Tom Cruise is, at last, master of his domain.
Yes, at long last, the U.N.’s World Intellectual Property Organization has awarded the actor custody of TomCruise.com, and has ordered the webmaster who has been operating the site to turn the URL over to its rightful owner.
Cruise is just one of hundreds of celebrities whose names were snatched up by Canadian businessman Jeff Burgar, who used the URLs to redirect visitors to his website, Celebrity1000.com. Burgar owned and operated TomCruise.com since 1996.
He is well known to the WIPO, having previously gone before the panel to argue his right to ownership of the domain names such as CelineDion.com (he lost), KevinSpacey.com (lost), PamelaAnderson.com (lost) and BruceSpringsteen.com (won, and still maintains the site), among others.
Lawyers for the nutcase actor argued that:
- Cruise had “common law trademark and service mark rights” to the term Tom Cruise
- Burgar was making money off the actor’s name through third-party ads on his Celebrity1000.com site
- Visitors to the site might be confused into believing that Cruise was somehow affiliated with it.
In response, Burgar claimed the site was a fansite that included a bio of Cruise and that his use of the domain should be protected by free speech. The WIPO panel disagreed, however, stating in its decision that “free speech does not, by definition, entail a right to take unfair commercial advantage of a trademark.”
As of Monday, the website was still listed under Burgar’s Alberta Hotrods organization, though typing in the address led to an error message.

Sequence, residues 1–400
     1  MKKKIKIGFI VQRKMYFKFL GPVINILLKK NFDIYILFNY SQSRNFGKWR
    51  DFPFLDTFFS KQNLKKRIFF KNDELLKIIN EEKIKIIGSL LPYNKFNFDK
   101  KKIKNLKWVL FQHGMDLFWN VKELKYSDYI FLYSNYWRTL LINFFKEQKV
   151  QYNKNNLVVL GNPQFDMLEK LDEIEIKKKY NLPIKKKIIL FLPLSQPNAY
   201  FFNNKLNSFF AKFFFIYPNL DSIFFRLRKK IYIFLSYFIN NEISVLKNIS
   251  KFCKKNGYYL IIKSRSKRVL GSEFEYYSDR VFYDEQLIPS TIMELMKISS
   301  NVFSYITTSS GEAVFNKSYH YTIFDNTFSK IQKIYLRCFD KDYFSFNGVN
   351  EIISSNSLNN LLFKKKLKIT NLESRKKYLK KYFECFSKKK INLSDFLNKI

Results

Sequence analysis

Other Cruise-related domains, such as TomCruise.net and TomCruise.org, were registered to Trout & Zimmer, a Burbank, Calif., firm that helps companies register and acquire domains. A rep for Cruise had no comment on the big web victory, or on whether his daughter, Suri Cruise, is real.
It’s not the first time Cruise has tangled with the web. Last fall, he was the victim of an Internet hoax in the form of a fake press release posted on a British website that touted his upcoming series of lectures on mental health topics, including one supposedly regarding his sexual preference.
Then, in October 2005, the Church of Scientology took exception to a Cruise-bashing site — ScienTOMogy.info — complaining that the site infringed on the Church’s trademark. While the operator of the site, which offers a vast collection of Cruise-mocking material, originally agreed to change the domain name, it remains up and running.
Most recently, we saw the short-lived SuriCruise.com, an unauthorized site that offered a clock counting down the days, hours, minutes and seconds until Cruise and Katie Holmes‘ daughter, supposedly born April 18, came of legal age.